As regular readers know, this site’s officially endorsed house dog is the West Highland White Terrier. They are a frisky, feisty and affectionate breed, quick to make friends and very intelligent overall. Like all breeds, they have their quirks.
Westies can always be counted on to do three things: dig, chase small animals, and bark. The first two usually result in character comedy, such as a readiness to make threatening noises at squirrels even when said squirrels are sitting on a tree branch forty feet above the ground and thus safe from anything a Westie might try.
Mind you, the whole thing may look comical, but the dogs mean business. Shortly after The Strapping Laddie came to live with us at Villa Villekulla, he killed a squirrel and proudly brought it into the house for a victory lap through the kitchen, living room and dining room. Great for his self esteem, but at the time we were throwing a birthday party for Dances With Mermaids and the house was full of five-year-old girls, some of whom had only started getting over their fear of The Strapping Laddie. I think the chorus of screeches that rang through the room shaved away some of my high-end hearing.
Still, I didn’t want to hurt The Strapping Laddie’s feelings, so after I wrested the trophy away from him, I made sure to praise him and pet him. I might even have put a few splashes of Laphroaig in his water dish. Just as encouragement, you understand.
This week, a special guest Westie named Benny is staying with us at Villa Villekulla and it’s been interesting to see how he learned to fit in with Clan Westie. For the first couple of days, Benny made frequent trips to the front door, sniffing the lintel and waiting for his owners to come back in and take him home. He appears to have gotten past that stage, though I still notice him staring at corners, as though expecting his owners to spring out into the open and call his name.
Benny’s owners trimmed his hair close along the body and hindquarters but let his hair bush out along the chest, neck and head, giving him a rather leonine profile. I’ve taken to calling him Kimba the White Lion. You may counter by saying that Westies don’t look very much like lions, but when you come right down to it, neither did Kimba. While getting adjusted to his new surroundings, Benny left a few puddles on the floor, so every now and then I refer to him as Benny and the Wets. I’m just a cornucopia of Baby Boomer references today.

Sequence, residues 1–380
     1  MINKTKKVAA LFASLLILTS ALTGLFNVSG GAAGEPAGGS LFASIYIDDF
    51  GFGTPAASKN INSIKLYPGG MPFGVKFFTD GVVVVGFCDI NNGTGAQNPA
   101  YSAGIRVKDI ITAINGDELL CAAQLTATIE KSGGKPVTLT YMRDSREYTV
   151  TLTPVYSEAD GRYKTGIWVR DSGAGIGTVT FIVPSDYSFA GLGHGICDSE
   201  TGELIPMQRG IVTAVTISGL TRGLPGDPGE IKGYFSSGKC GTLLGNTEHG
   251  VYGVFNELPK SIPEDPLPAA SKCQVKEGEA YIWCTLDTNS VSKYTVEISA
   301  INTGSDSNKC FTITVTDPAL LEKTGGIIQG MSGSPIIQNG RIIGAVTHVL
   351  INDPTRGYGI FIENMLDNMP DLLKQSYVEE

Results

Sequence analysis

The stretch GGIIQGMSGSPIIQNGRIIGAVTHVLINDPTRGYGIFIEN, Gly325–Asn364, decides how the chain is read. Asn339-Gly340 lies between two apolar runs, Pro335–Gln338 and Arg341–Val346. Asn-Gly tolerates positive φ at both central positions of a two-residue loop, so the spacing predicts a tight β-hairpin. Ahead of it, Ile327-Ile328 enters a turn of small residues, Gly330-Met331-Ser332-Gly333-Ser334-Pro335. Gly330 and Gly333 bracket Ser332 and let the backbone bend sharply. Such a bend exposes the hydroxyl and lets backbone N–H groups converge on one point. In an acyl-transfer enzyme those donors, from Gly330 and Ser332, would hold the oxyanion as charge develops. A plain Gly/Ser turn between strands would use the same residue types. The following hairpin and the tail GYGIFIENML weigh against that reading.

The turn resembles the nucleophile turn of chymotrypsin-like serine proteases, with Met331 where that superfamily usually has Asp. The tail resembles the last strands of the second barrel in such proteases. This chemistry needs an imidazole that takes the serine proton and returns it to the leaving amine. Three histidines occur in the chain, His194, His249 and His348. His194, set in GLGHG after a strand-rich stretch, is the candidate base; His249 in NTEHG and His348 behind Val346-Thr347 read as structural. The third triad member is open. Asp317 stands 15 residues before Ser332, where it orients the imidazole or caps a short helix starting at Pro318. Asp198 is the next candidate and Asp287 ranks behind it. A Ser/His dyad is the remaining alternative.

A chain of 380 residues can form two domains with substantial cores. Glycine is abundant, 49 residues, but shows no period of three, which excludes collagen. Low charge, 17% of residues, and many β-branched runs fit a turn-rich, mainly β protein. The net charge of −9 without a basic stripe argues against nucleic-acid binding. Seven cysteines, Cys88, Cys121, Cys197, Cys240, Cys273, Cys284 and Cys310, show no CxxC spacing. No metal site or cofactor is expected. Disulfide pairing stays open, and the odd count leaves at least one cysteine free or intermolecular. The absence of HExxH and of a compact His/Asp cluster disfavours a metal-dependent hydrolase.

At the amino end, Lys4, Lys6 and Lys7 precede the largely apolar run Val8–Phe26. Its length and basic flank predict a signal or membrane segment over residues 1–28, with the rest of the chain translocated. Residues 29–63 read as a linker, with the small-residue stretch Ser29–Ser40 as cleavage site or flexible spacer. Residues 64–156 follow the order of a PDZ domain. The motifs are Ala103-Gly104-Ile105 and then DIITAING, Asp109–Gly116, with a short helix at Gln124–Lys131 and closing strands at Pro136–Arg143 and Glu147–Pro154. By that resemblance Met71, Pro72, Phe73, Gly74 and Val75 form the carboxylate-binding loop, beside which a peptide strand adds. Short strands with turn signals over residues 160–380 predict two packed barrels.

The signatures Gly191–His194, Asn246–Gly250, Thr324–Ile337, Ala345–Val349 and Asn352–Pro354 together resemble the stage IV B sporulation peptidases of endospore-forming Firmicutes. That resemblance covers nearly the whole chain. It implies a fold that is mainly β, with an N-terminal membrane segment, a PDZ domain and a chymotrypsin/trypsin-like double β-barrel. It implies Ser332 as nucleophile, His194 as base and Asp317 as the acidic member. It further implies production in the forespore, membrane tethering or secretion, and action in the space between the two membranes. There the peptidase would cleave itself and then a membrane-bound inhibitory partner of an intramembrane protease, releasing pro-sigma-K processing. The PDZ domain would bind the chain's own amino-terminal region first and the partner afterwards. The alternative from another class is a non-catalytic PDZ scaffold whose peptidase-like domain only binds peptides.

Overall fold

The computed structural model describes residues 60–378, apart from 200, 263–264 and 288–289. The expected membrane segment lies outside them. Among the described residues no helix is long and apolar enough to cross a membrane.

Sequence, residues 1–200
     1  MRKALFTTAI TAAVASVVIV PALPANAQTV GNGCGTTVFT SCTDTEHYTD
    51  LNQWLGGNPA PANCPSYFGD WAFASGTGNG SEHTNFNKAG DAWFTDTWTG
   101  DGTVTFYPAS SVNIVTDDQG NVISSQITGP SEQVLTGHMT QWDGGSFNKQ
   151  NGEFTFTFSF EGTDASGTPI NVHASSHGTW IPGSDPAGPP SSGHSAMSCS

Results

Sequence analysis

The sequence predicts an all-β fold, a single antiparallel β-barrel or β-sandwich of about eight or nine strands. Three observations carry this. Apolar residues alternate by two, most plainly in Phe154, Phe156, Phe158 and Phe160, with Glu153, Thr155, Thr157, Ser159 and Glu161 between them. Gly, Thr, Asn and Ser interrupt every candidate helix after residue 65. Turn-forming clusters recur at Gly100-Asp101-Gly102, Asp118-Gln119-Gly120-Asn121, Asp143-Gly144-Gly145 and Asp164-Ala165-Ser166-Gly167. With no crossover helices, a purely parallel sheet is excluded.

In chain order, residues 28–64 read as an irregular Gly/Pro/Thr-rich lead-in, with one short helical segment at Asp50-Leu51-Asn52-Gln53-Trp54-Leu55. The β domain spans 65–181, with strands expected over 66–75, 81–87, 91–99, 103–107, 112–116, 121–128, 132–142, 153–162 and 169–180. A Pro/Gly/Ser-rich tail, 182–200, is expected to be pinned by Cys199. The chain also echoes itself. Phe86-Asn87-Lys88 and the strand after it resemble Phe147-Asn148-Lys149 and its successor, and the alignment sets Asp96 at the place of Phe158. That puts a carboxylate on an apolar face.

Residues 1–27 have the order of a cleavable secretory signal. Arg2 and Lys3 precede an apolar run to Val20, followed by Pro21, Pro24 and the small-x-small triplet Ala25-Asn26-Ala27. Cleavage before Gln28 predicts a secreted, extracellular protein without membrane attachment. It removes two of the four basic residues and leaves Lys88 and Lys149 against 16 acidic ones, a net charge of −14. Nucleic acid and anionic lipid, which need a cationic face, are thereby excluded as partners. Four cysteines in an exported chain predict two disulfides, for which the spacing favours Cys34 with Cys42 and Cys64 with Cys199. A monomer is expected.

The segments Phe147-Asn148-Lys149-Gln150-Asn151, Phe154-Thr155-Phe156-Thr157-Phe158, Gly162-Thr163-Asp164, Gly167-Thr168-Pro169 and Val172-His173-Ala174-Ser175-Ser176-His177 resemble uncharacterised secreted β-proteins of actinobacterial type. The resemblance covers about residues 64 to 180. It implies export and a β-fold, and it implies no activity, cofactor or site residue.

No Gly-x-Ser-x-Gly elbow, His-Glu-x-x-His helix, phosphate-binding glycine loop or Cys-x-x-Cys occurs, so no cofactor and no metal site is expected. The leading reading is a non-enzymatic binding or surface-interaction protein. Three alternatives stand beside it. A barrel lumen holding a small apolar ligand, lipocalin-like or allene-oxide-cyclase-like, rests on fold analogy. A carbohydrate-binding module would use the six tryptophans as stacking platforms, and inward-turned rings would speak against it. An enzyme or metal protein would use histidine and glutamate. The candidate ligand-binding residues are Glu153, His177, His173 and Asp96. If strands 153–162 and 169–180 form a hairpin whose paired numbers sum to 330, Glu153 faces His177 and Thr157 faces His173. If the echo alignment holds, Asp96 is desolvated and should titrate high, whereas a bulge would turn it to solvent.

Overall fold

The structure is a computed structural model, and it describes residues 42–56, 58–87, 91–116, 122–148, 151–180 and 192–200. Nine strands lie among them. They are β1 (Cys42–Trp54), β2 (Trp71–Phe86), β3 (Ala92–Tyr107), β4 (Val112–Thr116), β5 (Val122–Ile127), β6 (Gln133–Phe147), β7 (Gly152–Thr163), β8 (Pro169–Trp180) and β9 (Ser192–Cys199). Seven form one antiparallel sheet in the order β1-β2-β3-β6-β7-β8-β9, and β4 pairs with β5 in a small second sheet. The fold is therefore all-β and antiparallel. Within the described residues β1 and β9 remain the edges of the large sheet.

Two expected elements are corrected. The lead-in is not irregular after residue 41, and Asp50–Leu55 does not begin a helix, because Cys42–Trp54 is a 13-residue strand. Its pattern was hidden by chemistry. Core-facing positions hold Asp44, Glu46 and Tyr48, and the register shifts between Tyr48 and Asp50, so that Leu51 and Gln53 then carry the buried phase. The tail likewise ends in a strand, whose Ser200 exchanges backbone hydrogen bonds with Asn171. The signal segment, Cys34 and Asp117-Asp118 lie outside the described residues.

The Strapping Laddie, being an easygoing fellow, is happy to join in the occasional tussle but otherwise seems indifferent to the visitor. The Dowager Empress, who has gotten grumpier with each passing year, growls the Westie version of “Get off my lawn” whenever Benny strays too close. Leave it to The Highland Fling, youngest of the clan, to take to Benny in a big way. When something happens in the backyard that demands immediate investigation, The Highland Fling and Benny are always the first through the door and down the steps.
But Benny’s character truly revealed itself a few days ago, when we had a thunderstorm of almost surrealistic intensity: strobe lights, hissing curtains of rain, sideways lightning bolts and a general sense that the seventh seal may just have been broken. Quite a show in the sky, but the show in the house was almost as noisy.
Benny, you see, is a wee brave thing, so brave that he tries to tell lightning to back off and get the YAP outta Dodge. He delivered his warnings from one end of the house to the other, barking at each window, then moving on to another part of the house to promise all kinds of trouble if the storm didn’t clean (YAP) up (YAP) its act (YAP) right (YAP) now (YAP). Even the other members of Clan Westie, usually ready and willing to raise the roof whenever a dog walks past the house, stayed stretched out on the floor, following Benny’s threat displays with mildly confused looks. Since lightning flashed and thunder rumbled an average of every fifteen seconds, we got to hear a lot from Benny.
And when the storm ended, after about an hour and a half of intense thundering and barking, Benny hit the cushion like a bag of peat and stayed there until the morning, when he rose to begin another yappy day.